July’s round table question is, “What is the most out of the box strategy, tactic or training method you have ever tried with your team or an individual player? Our coaching lineup this month includes

  • Mark Anderson – Owensboro Thoroughbreds (TBL)
  • Craig Campbell – Clovis West (CA) High School
  • Mark Cascio – Catholic (LA) High School
  • Matt Grahn  – University of Dallas
  • Tim Heuer – 180 Coaching
  • Alicia Komaki – Sierra Canyon (CA) High School
  • Dell Leonard – Mountain Home (AR) High School
  • Don Showalter – USA Basketball
  • John Shulman – University of Alabama Huntsville
  • Tyler Whitcomb – West Michigan Aviation Academy (MI)
  • Todd Wolfson – St. Francis (CA) High School

Please enjoy this round table episode of the Hoop Heads Podcast. And once you’re finished listening, please give the show a five star rating and review. Make sure you’re subscribed to the Hoop Heads Pod so you never miss an episode. You can find us on Apple Podcasts, Spotify, Stitcher, Google Podcasts and YouTube. If you haven’t already, please tell a coaching colleague or friend about the Hoop Heads Podcast so they can listen and learn from some of the best minds in the game.

Mark Anderson Owensboro, Thoroughbreds  of the basketball League,

Mark Anderson: [00:02:51] Probably the out of the box strategy that I’ve used as a coach with a team was a four out one in zone defense [00:03:00] versus a

Three point shooting team. Um, I was a high school coach at the time, and we were going into the state tournament in Indiana. And the team that we were playing was a, uh, a bigger school and they shot all threes. And the center was instructed that if he shot anything outside of the free throw lane, he’d be taken out of the game.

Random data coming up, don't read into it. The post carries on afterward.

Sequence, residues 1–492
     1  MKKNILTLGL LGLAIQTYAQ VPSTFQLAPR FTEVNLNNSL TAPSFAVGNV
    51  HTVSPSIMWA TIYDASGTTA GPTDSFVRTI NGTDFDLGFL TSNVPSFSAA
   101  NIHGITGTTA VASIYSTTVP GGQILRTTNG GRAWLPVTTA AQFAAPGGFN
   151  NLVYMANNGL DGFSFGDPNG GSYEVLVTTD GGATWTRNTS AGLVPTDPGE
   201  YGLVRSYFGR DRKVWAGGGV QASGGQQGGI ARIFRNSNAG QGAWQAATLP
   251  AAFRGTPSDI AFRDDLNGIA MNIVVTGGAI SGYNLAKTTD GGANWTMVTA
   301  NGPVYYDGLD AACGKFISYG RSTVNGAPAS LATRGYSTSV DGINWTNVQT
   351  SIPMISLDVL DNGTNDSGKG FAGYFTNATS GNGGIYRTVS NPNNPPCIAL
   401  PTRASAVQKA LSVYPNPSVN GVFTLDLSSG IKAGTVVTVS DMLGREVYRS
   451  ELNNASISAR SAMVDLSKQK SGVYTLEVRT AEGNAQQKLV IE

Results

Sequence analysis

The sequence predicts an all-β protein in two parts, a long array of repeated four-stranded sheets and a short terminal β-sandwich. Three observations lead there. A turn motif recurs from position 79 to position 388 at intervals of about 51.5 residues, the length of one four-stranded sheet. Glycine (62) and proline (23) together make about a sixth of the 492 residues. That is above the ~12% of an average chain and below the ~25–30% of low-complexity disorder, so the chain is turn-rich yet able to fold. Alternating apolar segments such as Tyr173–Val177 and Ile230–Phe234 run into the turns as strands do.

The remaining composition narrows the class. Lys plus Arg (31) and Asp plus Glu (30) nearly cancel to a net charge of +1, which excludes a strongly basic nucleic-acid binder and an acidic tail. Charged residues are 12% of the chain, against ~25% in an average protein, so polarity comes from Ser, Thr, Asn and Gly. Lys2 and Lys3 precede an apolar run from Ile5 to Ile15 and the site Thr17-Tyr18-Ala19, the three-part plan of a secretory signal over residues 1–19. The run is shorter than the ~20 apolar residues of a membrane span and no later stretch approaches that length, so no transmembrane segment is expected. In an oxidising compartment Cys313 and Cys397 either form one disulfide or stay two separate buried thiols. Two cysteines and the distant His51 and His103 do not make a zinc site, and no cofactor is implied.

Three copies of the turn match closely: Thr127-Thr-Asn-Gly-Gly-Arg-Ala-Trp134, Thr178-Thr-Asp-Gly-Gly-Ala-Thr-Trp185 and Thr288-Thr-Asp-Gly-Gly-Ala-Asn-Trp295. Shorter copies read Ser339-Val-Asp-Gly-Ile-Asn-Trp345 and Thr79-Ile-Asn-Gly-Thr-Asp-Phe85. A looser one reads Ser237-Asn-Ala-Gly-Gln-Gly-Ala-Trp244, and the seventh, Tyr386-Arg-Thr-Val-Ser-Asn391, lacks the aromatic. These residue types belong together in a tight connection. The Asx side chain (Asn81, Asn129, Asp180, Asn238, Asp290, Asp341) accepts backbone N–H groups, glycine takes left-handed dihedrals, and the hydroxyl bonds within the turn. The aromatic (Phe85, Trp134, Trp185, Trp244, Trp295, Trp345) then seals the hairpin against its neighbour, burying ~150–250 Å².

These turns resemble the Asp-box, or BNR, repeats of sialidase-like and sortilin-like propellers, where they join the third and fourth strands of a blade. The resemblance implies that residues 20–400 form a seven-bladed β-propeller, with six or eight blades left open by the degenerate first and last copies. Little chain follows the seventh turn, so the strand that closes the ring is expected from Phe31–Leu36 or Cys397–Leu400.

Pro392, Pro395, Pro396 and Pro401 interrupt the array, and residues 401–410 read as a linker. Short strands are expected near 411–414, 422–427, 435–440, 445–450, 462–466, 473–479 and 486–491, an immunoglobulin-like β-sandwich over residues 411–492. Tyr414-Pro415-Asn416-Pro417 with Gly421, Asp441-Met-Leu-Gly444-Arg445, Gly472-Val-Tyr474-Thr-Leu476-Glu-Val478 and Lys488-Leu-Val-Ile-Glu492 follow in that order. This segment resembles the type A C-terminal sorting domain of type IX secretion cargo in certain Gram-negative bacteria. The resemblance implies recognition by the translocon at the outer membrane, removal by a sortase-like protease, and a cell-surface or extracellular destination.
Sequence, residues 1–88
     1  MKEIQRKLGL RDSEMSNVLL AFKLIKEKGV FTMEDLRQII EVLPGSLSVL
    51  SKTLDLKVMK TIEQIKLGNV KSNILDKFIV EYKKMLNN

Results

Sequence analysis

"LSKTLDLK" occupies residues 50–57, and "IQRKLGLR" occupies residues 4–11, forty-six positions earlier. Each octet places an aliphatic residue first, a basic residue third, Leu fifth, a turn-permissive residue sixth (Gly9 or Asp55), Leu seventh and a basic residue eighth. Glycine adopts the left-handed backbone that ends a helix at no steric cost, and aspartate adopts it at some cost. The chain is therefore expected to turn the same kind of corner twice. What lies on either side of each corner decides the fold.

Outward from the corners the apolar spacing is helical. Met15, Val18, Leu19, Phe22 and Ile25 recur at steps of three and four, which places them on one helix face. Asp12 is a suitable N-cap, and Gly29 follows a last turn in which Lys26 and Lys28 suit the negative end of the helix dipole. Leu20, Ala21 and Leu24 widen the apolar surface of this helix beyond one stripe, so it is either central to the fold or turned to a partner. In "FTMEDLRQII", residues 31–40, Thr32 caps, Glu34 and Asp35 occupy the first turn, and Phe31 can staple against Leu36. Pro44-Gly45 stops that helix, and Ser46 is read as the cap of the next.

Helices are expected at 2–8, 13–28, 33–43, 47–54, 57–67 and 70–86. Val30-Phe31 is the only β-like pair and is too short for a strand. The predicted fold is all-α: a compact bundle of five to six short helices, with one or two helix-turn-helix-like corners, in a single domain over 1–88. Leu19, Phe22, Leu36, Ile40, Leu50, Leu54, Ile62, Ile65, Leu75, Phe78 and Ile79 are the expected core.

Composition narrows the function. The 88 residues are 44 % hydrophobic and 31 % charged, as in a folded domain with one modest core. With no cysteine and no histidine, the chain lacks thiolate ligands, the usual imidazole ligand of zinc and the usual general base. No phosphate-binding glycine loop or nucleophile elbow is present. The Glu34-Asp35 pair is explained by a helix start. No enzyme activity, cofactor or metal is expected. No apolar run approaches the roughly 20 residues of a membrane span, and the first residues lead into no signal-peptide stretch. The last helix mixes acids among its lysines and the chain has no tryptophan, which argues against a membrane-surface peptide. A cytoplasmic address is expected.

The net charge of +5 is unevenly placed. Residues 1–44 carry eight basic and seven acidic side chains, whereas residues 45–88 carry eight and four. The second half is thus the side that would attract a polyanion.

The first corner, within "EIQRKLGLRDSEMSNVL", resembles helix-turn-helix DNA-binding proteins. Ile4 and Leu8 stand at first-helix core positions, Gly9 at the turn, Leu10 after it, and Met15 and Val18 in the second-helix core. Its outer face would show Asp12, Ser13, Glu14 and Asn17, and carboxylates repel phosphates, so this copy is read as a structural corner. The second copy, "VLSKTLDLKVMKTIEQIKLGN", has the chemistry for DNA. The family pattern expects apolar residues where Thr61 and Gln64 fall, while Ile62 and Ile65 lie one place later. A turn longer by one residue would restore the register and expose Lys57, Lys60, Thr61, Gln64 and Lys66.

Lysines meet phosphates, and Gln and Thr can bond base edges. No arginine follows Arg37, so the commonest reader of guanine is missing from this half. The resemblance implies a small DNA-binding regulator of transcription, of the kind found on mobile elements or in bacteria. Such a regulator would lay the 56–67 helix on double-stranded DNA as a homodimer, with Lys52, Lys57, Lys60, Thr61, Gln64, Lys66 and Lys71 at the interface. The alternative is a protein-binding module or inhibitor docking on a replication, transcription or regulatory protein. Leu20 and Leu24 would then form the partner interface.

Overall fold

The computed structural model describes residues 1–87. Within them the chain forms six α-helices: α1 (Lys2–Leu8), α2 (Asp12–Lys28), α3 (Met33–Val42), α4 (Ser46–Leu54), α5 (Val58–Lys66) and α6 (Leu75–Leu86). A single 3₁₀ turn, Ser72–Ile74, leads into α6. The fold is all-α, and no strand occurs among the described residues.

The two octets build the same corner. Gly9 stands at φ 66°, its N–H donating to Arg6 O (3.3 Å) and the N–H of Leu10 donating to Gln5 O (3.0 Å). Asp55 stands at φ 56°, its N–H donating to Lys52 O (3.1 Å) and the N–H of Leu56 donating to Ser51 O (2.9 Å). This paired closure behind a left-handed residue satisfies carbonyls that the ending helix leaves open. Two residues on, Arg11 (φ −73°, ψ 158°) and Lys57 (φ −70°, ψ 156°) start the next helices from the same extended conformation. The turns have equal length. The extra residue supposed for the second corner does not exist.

So we, what we did is we put four guys on the three point line. Or just write straddle in it or just right above it and made them shoot from a little bit further out. And then, and they really never tried to penetrate. I’d like to tell you that we won the game, but we didn’t. We lost 55 to 52. We had the ball at the last second to, to shoot a desperation three.

But it’s also a strategy that I’ve used at the professional level. This past season, we were up three with five, six seconds to go. The team we’re playing had advanced ball into the front court. And we came out after the timeout [00:04:00] into a, into a four Oh one zone. And the other team didn’t have any timeouts left.

They didn’t know what to do against it. And the clock ran out with them, dribbling trying to get handoffs in the three. So it’s something that I wouldn’t use a lot in there gain situation, but towards the end of the game, maybe as a surprise tactic with the lead, it may be something to try just to get away with once or twice in a season.